Will the Roberts Court eventually overrule Roe v. Wade? FindLaw columnist and Columbia law professor extracts some evidence of what some of the Justices' thinking may be -- by closely examining the context of a brief, recent Supreme Court. The order left intact a lower court's decision to compel a prison to transport a female inmate to a clinic for an abortion -- despite Justice Thomas's having opted to temporarily stay the order to allow full Court consideration. Dorf examines, among other issues, why two open Roe opponents, Justice Scalia and Justice Thomas, opted not to dissent from this order; and explains why the lower court's order was predicated on Roe v. Wade.
Wednesday, Oct. 26, 2005

A Crash Course in Constitutional Law for Harriet Miers--and Everybody Else
FindLaw columnist and Columbia law professor Michael Dorf offers readers a crash course in constitutional law -- explaining the main structural provisions that set up the basic relationships that form the core of our Constitution, as well as how these ground rules have been interpreted over time. Dorf canvasses the controversial subject of federalism, as well as the concept of separation of powers, and the basic principles governing the area of individual rights.
Wednesday, Oct. 12, 2005

Did Houston Officials Learn Too Much from Katrina? The Salience Fallacy and What to do About it
FindLaw columnist and Columbia law professor Michael Dorf discusses examples of the "salience fallacy" -- decisionmakers' tendency to focus on risks that have been graphically illustrated recently, while ignoring other, potentially greater risks. Using examples ranging from Hurricane Katrina, to the Maginot line, to child airline safety belts, Dorf explains why focusing on recent events can mean policies are not based on a solid cost-benefit balance. He also explains how governments can avoid falling prey to the salience fallacy -- and make sure they are aware of, and properly weight, all the different risks and benefits related to a given policy.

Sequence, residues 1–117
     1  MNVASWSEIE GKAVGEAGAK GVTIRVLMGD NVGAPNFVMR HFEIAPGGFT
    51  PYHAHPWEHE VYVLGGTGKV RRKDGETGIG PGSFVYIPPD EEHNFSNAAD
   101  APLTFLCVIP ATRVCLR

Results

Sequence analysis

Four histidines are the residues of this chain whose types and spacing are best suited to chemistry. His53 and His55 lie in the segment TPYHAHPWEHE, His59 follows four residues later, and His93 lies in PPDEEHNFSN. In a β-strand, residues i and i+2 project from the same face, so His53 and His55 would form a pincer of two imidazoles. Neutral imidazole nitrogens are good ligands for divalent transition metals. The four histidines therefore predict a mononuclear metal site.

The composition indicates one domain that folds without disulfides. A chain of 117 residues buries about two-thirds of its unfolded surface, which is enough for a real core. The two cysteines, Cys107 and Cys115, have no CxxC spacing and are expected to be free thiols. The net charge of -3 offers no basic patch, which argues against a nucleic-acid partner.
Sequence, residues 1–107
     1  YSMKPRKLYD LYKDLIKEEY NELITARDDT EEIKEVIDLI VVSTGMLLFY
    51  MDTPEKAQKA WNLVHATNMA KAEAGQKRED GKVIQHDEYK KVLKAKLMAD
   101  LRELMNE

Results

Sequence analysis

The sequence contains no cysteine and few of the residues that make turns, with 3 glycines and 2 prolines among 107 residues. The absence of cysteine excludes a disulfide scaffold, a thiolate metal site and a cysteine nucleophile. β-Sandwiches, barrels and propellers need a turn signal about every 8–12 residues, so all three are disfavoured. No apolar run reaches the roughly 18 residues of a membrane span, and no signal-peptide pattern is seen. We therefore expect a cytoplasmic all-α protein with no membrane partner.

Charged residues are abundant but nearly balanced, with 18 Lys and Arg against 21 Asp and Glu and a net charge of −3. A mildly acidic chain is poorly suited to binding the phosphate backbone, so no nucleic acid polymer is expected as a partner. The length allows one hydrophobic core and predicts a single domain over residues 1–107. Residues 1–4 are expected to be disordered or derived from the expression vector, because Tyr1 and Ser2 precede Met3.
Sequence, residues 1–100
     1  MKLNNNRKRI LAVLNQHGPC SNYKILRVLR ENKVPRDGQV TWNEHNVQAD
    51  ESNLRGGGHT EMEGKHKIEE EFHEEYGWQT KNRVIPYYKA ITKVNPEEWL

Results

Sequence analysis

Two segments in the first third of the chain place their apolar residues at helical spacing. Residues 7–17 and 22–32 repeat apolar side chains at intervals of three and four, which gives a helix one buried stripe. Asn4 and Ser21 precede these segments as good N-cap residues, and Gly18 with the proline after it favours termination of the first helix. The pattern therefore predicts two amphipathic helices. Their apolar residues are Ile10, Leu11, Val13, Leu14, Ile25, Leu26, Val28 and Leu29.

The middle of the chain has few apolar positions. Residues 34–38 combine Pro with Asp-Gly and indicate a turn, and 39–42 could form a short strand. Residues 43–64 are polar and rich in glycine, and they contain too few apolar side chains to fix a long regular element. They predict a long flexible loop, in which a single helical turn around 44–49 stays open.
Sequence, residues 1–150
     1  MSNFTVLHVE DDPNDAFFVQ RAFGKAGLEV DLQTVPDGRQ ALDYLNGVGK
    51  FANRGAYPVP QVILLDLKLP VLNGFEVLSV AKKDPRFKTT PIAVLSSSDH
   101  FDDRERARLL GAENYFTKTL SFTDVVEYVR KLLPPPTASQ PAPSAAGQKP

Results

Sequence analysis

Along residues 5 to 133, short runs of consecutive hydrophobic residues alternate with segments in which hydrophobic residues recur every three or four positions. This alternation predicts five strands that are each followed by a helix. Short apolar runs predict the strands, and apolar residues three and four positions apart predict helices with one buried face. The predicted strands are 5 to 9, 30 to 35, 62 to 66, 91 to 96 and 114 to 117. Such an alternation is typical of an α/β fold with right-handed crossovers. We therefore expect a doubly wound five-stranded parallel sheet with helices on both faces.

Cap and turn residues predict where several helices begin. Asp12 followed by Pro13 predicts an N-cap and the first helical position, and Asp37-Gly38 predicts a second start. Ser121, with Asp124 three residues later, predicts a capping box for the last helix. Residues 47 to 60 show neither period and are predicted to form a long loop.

Tuesday, Sep. 27, 2005

Does it Matter Whether John Roberts Becomes an Associate Justice, or the Chief?
Why Both the President and Democratic Skeptics Are Wrong to Think it Does

FindLaw columnist and Columbia law professor Michael Dorf challenges the conventional wisdom, when it comes to President Bush's decision to nominate John Roberts not only to the Supreme Court, but, now, to become its Chief Justice. Dorf argues that, contrary to popular belief, the Chief Justice "wields scarcely any greater power than the other members of the Court." Dorf draws on both the Court's history, and the specific rules of its workings, to support his point. He also argues, again drawing on knowledge of Court procedure, that any argument that President Bush's decision to nominate Roberts for Chief Justice is geared to accommodate the Court, rather than serve Bush's politics, is specious.